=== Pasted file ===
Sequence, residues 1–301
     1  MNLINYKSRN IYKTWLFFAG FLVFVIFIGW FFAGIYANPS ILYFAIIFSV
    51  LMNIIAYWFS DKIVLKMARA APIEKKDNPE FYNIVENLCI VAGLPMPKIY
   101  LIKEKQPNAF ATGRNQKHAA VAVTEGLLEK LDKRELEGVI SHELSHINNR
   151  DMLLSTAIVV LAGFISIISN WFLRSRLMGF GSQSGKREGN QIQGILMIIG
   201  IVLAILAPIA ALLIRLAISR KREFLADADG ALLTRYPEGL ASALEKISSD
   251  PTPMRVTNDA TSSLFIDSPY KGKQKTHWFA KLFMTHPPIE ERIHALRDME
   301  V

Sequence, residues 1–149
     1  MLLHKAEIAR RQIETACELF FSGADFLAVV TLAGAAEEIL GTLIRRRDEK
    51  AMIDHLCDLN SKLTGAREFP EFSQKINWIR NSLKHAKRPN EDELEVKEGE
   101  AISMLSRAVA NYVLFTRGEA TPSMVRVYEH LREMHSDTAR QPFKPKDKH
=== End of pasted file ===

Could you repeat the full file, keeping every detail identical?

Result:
Sequence, residues 1–301
     1  MNLINYKSRN IYKTWLFFAG FLVFVIFIGW FFAGIYANPS ILYFAIIFSV
    51  LMNIIAYWFS DKIVLKMARA APIEKKDNPE FYNIVENLCI VAGLPMPKIY
   101  LIKEKQPNAF ATGRNQKHAA VAVTEGLLEK LDKRELEGVI SHELSHINNR
   151  DMLLSTAIVV LAGFISIISN WFLRSRLMGF GSQSGKREGN QIQGILMIIG
   201  IVLAILAPIA ALLIRLAISR KREFLADADG ALLTRYPEGL ASALEKISSD
   251  PTPMRVTNDA TSSLFIDSPY KGKQKTHWFA KLFMTHPPIE ERIHALRDME
   301  V

Sequence, residues 1–149
     1  MLLHKAEIAR RQIETACELF FSGADFLAVV TLAGAAEEIL GTLIRRRDEK
    51  AMIDHLCDLN SKLTGAREFP EFSQKINWIR NSLKHAKRPN EDELEVKEGE
   101  AISMLSRAVA NYVLFTRGEA TPSMVRVYEH LREMHSDTAR QPFKPKDKH